We all want to live, and value our own lives dearly (well - we usually do - suicide does happen), but to look upon dead men and think "This should not have occured -- someone should be feeling guilty right now" is probably not the most helpful way of regarding such matters.

This may come off as sounding callous or insensitive -- but look at it this way: if our pre-historic ancestors hadn't died, then we'd have to put up with them even today. Do you think that this would this be desireable? We can only sometimes get along with our fellow man today, so how much animousity do you think there would be between our ape-like ancestors and the extant homo erectus, us? It would be similar to the relationship between Middle-earth Elves and Orcs I think -- not good at all. Or, we would regard them as mere animals -- put them in zoos, experiment on them (for a time), teach them modern skills, and be ever so condescending toward them.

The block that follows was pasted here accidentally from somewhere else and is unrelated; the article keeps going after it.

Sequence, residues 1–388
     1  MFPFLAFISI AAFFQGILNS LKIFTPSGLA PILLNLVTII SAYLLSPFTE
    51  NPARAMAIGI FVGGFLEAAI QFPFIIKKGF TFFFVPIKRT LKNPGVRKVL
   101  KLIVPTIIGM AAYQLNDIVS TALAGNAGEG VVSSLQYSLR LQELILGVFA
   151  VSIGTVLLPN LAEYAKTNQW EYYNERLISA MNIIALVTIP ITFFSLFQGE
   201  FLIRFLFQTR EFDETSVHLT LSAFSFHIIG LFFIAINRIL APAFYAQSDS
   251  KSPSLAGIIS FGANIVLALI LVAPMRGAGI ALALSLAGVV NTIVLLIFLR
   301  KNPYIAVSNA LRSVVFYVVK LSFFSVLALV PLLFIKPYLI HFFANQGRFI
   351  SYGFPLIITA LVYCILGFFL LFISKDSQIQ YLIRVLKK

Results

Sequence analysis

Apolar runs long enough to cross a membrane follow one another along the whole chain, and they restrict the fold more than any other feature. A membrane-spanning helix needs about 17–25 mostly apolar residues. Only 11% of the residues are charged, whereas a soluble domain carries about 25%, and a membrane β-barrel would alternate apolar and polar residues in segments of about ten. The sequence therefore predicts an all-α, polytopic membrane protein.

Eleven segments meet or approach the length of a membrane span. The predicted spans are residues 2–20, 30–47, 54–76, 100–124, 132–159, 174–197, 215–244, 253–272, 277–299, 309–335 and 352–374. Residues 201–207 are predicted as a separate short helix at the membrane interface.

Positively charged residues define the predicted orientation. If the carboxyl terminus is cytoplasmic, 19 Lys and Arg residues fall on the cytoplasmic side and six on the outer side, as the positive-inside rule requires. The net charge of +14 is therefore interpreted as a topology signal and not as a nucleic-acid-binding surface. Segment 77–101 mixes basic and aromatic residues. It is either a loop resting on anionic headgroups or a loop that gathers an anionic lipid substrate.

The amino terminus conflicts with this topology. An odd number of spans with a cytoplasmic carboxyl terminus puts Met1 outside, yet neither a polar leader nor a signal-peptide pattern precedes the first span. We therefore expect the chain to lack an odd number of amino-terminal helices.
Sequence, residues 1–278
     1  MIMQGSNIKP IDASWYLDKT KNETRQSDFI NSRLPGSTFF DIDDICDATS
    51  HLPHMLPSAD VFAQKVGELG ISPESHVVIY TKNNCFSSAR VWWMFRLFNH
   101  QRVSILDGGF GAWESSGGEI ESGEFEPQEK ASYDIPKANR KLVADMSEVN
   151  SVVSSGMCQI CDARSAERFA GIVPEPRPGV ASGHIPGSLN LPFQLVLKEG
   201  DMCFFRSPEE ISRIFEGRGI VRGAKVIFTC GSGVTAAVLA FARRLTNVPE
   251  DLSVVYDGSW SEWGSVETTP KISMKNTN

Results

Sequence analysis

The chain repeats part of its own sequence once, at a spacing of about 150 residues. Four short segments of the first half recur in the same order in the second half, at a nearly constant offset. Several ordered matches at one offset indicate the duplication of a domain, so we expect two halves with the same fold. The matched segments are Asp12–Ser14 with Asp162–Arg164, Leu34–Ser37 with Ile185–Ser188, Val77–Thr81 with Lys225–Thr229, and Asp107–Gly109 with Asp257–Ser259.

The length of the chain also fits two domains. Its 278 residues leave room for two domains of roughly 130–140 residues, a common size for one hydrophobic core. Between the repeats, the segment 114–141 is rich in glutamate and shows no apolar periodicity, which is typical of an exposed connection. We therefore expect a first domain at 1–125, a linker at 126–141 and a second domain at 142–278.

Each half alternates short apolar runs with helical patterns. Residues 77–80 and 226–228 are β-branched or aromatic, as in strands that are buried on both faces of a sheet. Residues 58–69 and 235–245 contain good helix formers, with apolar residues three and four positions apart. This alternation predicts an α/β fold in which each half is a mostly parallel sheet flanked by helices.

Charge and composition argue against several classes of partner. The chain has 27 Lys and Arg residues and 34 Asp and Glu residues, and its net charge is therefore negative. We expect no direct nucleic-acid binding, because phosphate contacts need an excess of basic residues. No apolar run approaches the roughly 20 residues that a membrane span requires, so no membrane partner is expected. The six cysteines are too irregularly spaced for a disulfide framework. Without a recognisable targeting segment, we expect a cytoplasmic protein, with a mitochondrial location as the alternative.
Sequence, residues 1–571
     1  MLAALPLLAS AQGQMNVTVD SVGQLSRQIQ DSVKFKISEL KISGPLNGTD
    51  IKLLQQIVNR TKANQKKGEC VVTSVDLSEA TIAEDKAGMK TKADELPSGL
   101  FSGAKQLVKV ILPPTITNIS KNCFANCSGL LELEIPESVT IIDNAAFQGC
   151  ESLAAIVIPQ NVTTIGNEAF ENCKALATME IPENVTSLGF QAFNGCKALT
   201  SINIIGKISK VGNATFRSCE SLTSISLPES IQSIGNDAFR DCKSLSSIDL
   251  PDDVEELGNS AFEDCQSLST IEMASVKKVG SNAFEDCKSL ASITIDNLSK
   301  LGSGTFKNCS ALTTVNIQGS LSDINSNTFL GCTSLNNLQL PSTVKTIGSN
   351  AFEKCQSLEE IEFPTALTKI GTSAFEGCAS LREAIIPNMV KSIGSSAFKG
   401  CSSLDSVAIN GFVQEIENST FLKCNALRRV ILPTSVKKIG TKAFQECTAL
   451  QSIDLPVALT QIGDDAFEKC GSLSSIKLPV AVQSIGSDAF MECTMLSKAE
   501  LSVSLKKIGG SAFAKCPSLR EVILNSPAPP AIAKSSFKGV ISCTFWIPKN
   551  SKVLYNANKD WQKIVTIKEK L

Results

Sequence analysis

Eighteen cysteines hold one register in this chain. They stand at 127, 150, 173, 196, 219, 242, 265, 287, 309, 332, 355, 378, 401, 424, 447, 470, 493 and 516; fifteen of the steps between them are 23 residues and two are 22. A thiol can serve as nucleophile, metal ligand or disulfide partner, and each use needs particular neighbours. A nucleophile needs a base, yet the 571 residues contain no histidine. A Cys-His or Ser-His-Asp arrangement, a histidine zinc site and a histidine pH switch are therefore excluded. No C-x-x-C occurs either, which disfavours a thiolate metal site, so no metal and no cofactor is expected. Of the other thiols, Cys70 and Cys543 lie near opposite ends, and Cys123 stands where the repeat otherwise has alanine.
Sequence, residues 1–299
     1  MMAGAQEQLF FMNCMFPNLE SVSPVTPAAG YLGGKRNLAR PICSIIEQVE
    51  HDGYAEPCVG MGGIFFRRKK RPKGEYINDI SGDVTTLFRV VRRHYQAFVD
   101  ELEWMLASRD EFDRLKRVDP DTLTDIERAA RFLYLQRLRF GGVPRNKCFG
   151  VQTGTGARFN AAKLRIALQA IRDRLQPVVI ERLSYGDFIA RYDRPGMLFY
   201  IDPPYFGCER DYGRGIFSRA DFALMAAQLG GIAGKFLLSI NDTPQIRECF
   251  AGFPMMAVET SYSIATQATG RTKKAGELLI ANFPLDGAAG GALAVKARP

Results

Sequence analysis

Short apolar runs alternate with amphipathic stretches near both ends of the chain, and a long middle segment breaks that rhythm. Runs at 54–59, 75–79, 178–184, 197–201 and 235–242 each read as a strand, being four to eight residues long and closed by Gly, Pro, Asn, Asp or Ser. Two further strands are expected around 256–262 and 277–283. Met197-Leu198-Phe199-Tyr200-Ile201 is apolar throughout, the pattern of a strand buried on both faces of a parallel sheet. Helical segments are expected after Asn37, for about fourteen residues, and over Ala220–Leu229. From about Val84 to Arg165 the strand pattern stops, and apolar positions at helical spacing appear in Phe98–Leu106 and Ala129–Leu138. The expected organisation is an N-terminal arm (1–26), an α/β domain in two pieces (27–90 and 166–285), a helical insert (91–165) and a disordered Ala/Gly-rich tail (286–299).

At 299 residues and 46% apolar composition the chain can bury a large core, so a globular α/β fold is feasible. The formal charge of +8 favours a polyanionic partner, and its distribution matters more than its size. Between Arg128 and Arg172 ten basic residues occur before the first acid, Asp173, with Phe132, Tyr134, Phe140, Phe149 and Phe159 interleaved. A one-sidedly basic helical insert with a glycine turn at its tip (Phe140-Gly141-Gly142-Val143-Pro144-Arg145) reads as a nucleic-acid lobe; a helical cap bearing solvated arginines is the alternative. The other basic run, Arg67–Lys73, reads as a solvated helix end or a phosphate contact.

I am not saying death is not a bad thing -- but to always assume that wherever people have died, a great evil has occured, and guilt must be felt to this very day, is perhaps not the most rational way of viewing the world. Just my opinion though. Cheers. Vranak 20:34, 16 December 2006 (UTC)

I must say I cannot follow the logic in your opinion, Vranak, which seems to conflate two seperate propositions: that death is natural and inevitable, which is right, and that all deaths are somehow equal, which is quite obviously nonsense. To die of old age or disease may be tragic, but it is part of the human condition. To be deliberately choked to death by poison gas is not 'natural' by any reasonable standard of human behaviour. It is a crime: a crime against man, a crime against morality, a crime against law, and a crime against God. Clio the Muse 00:10, 17 December 2006 (UTC)